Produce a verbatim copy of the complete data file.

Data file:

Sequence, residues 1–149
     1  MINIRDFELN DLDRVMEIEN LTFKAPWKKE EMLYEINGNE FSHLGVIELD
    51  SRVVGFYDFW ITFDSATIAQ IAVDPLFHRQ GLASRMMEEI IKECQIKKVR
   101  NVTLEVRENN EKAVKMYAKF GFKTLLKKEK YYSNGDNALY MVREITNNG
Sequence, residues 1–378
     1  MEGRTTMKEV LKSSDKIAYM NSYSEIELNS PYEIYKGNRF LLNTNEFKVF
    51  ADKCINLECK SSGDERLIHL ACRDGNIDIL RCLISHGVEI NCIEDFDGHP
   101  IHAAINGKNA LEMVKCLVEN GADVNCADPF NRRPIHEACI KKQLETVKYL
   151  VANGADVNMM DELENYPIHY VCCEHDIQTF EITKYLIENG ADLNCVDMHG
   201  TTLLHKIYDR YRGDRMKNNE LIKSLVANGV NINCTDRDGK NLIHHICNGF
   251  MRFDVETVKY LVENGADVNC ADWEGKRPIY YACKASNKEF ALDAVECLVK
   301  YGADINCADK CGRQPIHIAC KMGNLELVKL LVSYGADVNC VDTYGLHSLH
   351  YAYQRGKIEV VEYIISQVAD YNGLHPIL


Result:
Sequence, residues 1–149
     1  MINIRDFELN DLDRVMEIEN LTFKAPWKKE EMLYEINGNE FSHLGVIELD
    51  SRVVGFYDFW ITFDSATIAQ IAVDPLFHRQ GLASRMMEEI IKECQIKKVR
   101  NVTLEVRENN EKAVKMYAKF GFKTLLKKEK YYSNGDNALY MVREITNNG
Sequence, residues 1–378
     1  MEGRTTMKEV LKSSDKIAYM NSYSEIELNS PYEIYKGNRF LLNTNEFKVF
    51  ADKCINLECK SSGDERLIHL ACRDGNIDIL RCLISHGVEI NCIEDFDGHP
   101  IHAAINGKNA LEMVKCLVEN GADVNCADPF NRRPIHEACI KKQLETVKYL
   151  VANGADVNMM DELENYPIHY VCCEHDIQTF EITKYLIENG ADLNCVDMHG
   201  TTLLHKIYDR YRGDRMKNNE LIKSLVANGV NINCTDRDGK NLIHHICNGF
   251  MRFDVETVKY LVENGADVNC ADWEGKRPIY YACKASNKEF ALDAVECLVK
   301  YGADINCADK CGRQPIHIAC KMGNLELVKL LVSYGADVNC VDTYGLHSLH
   351  YAYQRGKIEV VEYIISQVAD YNGLHPIL